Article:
I particularly enjoyed the part about political email where they shared my opinion on the weakness of the call to action emails from the PC campaign. There were a number of problems, but I would like to focus on the problem of burying the link.
As described in the video, many of the campaign emails would come with three or four paragraphs of text and then a link. Yes, a single solitary link that I had to find after reading a bunch of text. In a call to action email!
Yes, a call to action email should only have one url for your reader to click, but it’s okay if you repeat 5 times.
1. Add the Link Early
It’s an idea so simple it just might work. Many of your supporters will click the first link they see so put it in the first sentence. Most call to action emails state the reason they are writing in second half of the first sentence, then essentially re-phrase the ask at the bottom. So, highlight the reason with a link.
The next election is right around the corner and we are looking for a few good volunteers.
2 . Add the Link in Question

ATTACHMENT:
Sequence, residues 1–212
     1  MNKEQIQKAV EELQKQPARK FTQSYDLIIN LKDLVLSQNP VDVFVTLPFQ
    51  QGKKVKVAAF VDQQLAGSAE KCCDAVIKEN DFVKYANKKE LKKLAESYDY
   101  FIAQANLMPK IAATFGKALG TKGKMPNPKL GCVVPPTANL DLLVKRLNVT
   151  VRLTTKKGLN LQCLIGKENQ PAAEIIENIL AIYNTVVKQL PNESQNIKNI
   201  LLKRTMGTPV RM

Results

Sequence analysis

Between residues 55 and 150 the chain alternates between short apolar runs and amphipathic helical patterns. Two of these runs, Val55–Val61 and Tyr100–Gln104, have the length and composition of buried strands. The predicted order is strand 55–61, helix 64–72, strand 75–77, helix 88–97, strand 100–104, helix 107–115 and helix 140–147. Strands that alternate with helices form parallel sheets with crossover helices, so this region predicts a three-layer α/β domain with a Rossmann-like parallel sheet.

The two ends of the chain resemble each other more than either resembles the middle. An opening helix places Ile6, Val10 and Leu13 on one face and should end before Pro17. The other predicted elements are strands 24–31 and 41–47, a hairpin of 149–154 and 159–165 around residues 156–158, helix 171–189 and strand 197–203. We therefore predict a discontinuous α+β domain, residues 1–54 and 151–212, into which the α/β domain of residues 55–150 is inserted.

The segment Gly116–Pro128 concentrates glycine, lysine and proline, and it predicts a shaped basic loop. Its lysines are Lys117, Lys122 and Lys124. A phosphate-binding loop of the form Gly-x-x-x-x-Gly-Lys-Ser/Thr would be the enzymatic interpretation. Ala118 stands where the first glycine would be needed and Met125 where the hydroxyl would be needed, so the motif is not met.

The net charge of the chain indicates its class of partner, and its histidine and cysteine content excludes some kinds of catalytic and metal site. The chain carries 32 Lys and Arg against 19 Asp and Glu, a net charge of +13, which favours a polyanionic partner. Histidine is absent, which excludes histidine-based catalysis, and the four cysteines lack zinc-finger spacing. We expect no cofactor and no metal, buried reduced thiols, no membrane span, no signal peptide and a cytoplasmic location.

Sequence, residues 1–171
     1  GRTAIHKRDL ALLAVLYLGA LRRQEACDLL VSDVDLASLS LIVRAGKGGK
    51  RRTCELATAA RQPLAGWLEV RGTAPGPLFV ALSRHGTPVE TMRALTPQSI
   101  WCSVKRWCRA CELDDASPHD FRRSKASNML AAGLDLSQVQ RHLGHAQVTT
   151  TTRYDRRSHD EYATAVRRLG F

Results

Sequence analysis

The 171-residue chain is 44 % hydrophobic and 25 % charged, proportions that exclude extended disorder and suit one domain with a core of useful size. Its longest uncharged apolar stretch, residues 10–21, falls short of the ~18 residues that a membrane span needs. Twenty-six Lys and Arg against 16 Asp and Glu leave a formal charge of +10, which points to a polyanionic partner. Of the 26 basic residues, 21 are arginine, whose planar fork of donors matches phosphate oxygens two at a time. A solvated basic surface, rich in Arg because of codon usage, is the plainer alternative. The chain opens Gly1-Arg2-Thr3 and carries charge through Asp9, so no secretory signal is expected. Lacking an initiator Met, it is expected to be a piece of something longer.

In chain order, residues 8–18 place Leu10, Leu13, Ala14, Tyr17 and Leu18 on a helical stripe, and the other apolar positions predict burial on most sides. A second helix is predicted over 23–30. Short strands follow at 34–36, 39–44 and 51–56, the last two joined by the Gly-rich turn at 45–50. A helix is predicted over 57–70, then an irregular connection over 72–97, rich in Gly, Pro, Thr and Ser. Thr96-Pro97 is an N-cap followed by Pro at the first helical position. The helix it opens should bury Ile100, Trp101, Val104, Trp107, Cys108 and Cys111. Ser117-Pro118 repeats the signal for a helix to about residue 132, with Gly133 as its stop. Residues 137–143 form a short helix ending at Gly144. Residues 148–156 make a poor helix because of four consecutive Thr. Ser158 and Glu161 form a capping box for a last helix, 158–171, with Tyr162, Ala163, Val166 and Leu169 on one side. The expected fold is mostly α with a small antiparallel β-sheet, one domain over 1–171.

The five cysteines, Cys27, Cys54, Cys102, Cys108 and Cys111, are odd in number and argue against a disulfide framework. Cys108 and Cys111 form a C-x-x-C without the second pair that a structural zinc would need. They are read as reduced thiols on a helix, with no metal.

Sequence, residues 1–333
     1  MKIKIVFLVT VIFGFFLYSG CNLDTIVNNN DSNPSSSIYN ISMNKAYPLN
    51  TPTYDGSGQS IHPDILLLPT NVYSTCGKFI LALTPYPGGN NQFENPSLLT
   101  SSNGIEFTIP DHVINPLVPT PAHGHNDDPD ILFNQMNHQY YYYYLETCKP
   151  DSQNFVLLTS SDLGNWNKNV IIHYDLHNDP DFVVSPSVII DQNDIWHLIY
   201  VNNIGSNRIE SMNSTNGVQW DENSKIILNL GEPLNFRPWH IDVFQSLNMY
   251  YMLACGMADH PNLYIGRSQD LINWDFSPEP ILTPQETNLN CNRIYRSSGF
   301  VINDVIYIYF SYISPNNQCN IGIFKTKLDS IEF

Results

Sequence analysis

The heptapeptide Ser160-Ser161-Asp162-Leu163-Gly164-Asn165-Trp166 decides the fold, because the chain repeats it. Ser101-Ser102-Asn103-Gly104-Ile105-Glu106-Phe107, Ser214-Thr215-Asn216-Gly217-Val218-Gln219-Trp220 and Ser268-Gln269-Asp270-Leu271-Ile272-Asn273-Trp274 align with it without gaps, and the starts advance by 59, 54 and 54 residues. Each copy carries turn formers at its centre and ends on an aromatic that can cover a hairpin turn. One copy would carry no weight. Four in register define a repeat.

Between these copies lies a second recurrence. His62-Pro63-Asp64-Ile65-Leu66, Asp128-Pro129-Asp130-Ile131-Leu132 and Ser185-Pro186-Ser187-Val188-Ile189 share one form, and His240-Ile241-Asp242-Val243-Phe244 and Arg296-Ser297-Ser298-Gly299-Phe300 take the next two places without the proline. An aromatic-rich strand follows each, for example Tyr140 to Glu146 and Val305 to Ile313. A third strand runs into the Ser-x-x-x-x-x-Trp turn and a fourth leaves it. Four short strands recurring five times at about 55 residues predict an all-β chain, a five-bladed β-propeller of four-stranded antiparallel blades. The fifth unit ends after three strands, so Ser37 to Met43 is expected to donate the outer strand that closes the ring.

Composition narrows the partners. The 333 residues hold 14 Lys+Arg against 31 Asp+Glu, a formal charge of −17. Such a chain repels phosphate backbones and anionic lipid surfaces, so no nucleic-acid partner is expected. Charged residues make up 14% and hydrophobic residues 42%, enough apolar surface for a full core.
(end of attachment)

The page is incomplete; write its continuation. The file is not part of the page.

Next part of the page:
After some a couple of sentences/paragraphs extolling the benefits of clicking the link to take the action, you are going to make The Ask.
Link the whole ask. That is the link in question. The answer is on the other side of the click.
3. Add the Link As Instruction
Your supporters have clicked the first link, your prospects have clicked the second link. Anyone else left may need a bit more help. Tell them how they can take the action you just asked of them and tell them exactly where they can take the action. Think of it as an equation. You can do X at url Y.
The Bonus Button
By now, everybody that is likely to click should have clicked but just in case they haven’t gotten the message, a big button might help.
I caution might because email clients are not very button friendly so your pretty button when viewed in a browser might be unreadable in Outlook.
One trend I have seen is that adding a button increased the percentage of clicks to the url Link As Instruction.
My theory is that it acts a the visual cue telling them to go that url but what do you think?